During a weeklong RockOn/RockSat workshop in Virginia, Ross Snider, Randy Larimer and Angela Des Jardins joined nearly 100 university instructors and students from 21 states who prepared experiments for flight. A rocket carrying their experiments was launched at 5:30 a.m. June 26 from NASA's Wallops Flight Facility in Virginia, reached an altitude of 73 miles, then returned to Earth where the experiments were recovered.
Snider and Larimer work in MSU's Department of Electrical and Computer Engineering. Des Jardins is interim director of the Montana Space Grant Consortium, based at MSU. They attended the workshop to learn how to create future space payloads and involve students in building those payloads.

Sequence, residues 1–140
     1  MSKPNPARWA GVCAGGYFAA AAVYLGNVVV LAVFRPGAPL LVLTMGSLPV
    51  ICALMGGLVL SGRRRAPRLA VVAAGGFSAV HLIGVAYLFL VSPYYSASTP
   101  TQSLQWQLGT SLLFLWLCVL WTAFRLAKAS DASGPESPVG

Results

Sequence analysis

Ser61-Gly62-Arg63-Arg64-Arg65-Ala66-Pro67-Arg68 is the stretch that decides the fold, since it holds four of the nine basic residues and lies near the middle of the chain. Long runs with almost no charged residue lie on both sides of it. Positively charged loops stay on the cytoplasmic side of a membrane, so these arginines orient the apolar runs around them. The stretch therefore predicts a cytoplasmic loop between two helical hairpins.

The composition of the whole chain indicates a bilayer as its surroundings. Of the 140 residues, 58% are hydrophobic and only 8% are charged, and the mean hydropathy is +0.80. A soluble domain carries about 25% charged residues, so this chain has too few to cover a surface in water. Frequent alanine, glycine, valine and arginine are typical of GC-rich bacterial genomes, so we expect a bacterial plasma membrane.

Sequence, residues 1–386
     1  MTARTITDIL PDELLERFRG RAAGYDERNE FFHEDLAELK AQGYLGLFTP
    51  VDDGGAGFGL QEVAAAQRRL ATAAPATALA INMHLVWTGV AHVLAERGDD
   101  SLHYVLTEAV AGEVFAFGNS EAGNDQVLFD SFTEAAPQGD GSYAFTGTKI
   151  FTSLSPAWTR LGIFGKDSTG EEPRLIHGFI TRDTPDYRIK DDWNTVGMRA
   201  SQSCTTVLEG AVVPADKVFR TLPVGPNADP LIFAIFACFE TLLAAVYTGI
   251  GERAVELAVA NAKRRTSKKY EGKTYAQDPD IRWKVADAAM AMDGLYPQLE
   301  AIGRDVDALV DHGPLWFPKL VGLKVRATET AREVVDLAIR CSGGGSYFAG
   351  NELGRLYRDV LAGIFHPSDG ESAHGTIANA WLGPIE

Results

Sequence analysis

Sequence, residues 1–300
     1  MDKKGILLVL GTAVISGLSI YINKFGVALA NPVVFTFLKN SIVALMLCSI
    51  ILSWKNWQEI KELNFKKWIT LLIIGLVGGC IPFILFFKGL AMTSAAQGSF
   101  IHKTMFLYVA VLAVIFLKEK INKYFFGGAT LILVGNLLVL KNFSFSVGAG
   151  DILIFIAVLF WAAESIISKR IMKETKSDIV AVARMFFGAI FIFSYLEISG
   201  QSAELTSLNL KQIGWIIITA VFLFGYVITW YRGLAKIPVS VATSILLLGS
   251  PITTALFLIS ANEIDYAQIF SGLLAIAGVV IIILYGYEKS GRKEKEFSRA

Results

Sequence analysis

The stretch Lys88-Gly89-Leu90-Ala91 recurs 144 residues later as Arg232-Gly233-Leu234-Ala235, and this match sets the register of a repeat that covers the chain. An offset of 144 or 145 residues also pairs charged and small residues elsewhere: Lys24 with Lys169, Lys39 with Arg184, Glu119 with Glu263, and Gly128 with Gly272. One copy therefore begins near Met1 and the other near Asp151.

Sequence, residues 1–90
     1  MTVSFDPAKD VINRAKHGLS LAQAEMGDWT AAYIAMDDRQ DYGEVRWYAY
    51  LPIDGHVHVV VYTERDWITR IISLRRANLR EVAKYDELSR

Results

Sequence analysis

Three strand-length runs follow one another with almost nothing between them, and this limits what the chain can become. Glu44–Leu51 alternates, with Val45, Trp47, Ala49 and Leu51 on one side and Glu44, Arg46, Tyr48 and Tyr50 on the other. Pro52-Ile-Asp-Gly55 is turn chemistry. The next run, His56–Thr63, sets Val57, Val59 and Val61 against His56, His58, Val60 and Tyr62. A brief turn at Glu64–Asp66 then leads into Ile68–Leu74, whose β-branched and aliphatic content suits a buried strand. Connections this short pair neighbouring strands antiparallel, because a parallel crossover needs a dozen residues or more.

Back at MSU, Snider works with Brock LaMeres and Todd Kaiser in the electrical and computer engineering department to figure out how to design computers that can tolerate radiation in space. Radiation levels in space are significantly higher than at sea level, so normally-configured computers can fail when they encounter such levels, Des Jardins said. The MSU researchers are trying to design a computer that can reconfigure itself at high levels of radiation. When levels decline, the processors will shut down to conserve power or will use the extra processors for other tasks.
The RockOn/RockSat program was conducted in partnership with the Colorado and Virginia Space Grant Consortia with support from NASA. MSU's participants were sponsored by the Montana Space Grant Consortium.
For more information about the MSGC, visit http://spacegrant.montana.edu/
Evelyn Boswell, (406) 994-5135 or email@example.com